New Jersey Now Prohibits Gender Identity Discrimination
In June 2007, New Jersey amended its Law Against Discrimination (LAD) to cover “gender identity and expression.” The LAD now protects individuals who have or are perceived as having “a gender related identity or expression . . . not stereotypically associated with a person’s assigned sex at birth, including transgender status,” from discrimination in employment, housing, public accommodation and qualifi cation for loans.
Because the amendment has not been in effect long enough to produce any major decisions, the limits of its protection remain unclear. Employers should exercise caution when implementing policies with implications for gender identity or when making personnel decisions regarding specifi c individuals. The amendment allows an employer to enforce workplace attire and grooming standards as long as employees are permitted “to appear, groom and dress consistent with the employee’s gender identity or expression.” Employers should also revise their handbooks and workplace policies to refl ect the amendment, and take steps to ensure that managers are aware of it.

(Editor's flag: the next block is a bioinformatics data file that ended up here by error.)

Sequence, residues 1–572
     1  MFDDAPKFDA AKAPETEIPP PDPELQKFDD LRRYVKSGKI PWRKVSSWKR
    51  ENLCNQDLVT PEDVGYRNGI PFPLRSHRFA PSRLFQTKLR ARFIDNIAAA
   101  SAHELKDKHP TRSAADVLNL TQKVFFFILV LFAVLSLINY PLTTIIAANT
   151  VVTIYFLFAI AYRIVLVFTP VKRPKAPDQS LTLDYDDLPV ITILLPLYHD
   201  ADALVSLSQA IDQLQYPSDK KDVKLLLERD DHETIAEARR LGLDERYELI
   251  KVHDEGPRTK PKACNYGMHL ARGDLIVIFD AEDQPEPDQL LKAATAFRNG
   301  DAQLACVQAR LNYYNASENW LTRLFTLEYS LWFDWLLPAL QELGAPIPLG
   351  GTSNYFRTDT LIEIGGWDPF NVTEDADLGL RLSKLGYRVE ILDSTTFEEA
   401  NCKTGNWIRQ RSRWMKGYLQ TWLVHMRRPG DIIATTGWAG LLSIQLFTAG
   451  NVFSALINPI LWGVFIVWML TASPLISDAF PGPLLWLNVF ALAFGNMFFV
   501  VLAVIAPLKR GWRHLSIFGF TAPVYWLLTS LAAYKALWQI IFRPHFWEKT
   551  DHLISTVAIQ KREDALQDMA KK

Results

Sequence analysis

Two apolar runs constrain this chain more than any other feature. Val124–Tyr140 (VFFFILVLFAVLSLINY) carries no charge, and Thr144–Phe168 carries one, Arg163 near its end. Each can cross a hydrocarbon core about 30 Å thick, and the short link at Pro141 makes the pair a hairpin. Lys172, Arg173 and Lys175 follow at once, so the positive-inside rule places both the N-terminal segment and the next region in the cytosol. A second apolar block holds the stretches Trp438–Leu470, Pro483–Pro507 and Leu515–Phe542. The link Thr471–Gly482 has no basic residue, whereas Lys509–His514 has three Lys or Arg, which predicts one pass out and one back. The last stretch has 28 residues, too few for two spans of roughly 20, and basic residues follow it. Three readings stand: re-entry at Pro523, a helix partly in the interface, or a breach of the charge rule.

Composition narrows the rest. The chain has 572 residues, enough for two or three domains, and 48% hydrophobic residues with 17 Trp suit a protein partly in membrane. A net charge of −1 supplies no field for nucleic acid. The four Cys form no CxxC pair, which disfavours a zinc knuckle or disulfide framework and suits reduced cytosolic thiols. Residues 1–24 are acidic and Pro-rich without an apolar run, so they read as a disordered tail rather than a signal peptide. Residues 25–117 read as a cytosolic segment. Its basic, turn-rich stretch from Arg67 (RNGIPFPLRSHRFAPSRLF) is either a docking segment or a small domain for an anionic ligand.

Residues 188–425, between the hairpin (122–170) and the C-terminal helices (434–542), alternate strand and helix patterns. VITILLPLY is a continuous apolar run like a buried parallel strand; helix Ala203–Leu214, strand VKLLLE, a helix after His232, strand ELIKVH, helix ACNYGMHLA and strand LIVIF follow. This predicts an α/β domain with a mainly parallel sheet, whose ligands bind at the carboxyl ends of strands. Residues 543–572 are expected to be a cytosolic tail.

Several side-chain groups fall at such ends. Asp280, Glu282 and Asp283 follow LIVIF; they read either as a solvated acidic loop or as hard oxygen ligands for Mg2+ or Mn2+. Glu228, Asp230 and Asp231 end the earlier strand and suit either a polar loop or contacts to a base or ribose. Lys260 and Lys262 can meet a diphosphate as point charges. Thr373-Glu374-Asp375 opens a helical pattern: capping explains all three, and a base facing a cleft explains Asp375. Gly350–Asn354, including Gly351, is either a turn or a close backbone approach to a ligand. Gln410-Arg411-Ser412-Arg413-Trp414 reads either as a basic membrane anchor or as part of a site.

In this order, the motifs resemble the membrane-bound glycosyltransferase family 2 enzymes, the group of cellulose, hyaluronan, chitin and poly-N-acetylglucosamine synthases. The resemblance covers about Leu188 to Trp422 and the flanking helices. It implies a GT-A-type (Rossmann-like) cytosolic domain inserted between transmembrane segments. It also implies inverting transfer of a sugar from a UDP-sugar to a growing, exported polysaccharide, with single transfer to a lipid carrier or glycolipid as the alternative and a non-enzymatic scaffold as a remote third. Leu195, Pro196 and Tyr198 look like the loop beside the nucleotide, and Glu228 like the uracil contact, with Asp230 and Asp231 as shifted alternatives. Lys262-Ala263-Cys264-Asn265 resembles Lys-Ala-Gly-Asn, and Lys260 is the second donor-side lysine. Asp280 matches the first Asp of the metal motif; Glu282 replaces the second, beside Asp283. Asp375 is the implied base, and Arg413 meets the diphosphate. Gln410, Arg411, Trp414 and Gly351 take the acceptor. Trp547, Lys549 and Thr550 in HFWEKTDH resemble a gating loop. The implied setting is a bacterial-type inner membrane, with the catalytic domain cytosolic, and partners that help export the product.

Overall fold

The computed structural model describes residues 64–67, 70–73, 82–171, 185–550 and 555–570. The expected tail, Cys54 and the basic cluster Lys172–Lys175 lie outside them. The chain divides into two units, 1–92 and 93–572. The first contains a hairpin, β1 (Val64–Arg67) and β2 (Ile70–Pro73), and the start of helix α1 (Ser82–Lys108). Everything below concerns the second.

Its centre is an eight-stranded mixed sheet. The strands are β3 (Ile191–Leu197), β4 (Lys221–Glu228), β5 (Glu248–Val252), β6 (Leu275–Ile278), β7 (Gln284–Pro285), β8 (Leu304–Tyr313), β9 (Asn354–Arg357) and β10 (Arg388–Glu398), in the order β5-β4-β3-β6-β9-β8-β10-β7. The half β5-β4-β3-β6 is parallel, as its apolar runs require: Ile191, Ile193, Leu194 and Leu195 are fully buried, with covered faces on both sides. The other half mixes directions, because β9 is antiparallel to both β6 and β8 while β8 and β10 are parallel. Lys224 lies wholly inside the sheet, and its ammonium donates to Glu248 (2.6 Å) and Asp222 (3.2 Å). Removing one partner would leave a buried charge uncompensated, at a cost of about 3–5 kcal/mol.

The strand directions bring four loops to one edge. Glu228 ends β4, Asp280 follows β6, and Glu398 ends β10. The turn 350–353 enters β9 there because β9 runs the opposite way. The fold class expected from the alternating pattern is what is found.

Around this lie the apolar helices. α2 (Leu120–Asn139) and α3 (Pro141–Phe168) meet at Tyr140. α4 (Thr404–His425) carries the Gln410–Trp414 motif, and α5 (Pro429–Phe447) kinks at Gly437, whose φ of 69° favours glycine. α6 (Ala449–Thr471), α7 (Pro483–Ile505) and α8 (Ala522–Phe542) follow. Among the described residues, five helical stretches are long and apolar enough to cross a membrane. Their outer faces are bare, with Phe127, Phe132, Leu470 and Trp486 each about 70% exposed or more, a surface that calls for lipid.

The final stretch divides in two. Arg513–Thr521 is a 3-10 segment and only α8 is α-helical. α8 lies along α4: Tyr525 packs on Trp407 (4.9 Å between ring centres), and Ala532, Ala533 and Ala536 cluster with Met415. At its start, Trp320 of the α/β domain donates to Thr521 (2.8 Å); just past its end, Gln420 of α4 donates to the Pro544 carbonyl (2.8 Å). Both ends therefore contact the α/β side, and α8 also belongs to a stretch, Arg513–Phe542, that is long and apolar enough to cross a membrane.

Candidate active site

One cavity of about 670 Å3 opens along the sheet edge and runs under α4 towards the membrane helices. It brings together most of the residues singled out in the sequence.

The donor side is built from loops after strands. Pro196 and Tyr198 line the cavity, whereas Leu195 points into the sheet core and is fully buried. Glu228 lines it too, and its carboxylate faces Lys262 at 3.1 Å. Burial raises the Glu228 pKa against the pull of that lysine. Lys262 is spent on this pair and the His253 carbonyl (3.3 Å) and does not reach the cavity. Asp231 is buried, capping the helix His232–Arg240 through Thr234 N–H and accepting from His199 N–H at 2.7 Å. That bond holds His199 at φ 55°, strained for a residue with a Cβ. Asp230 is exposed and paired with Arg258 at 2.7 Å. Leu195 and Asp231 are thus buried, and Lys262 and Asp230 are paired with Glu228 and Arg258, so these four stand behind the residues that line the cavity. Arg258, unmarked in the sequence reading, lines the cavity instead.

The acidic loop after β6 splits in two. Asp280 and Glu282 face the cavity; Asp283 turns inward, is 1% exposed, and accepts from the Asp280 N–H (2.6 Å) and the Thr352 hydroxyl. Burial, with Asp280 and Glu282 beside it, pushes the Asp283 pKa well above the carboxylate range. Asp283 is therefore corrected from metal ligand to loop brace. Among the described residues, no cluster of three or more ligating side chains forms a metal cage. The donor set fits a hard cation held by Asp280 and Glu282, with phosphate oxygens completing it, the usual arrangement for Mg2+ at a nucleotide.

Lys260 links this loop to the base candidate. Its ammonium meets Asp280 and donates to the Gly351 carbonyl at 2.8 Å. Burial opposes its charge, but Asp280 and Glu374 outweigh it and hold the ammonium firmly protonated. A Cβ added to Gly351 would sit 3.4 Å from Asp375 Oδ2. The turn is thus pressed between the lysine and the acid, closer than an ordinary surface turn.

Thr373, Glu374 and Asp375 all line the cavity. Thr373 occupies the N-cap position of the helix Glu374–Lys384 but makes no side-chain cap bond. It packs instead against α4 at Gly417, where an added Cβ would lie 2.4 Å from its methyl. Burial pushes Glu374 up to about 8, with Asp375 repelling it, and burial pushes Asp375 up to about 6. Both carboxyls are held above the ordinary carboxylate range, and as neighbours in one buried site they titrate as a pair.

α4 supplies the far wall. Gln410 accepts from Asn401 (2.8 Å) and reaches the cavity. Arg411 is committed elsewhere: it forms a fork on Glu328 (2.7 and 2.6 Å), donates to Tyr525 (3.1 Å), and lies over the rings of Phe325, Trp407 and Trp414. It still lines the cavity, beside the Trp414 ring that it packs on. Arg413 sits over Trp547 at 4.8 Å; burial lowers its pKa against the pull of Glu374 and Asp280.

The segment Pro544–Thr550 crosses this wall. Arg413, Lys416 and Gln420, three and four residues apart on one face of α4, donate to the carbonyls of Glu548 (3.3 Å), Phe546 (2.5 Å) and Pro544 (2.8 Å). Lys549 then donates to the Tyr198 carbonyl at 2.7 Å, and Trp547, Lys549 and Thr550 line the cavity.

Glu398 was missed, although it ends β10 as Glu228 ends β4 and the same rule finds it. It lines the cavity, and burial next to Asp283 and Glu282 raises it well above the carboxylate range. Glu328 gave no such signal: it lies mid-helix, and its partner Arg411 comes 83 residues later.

Only a handful of states have laws prohibiting gender identity discrimination in employment. However, passage of such laws is a growing trend, and gender identity is an issue that employers likely will have to deal with in the future. California, Illinois, Maine, Minnesota, New Mexico, Rhode Island, and Washington are among the states that currently treat gender identity as a protected trait, and dozens of cities and municipalities also do so, including New York City. Pending federal legislation will, if passed and signed into law, render gender identity a protected trait at the federal level. Although gender identity disorder is not recognized as a disability under the Americans with Disabilities Act, it is considered a disability under certain state laws, including the laws of New Jersey, New York and Connecticut.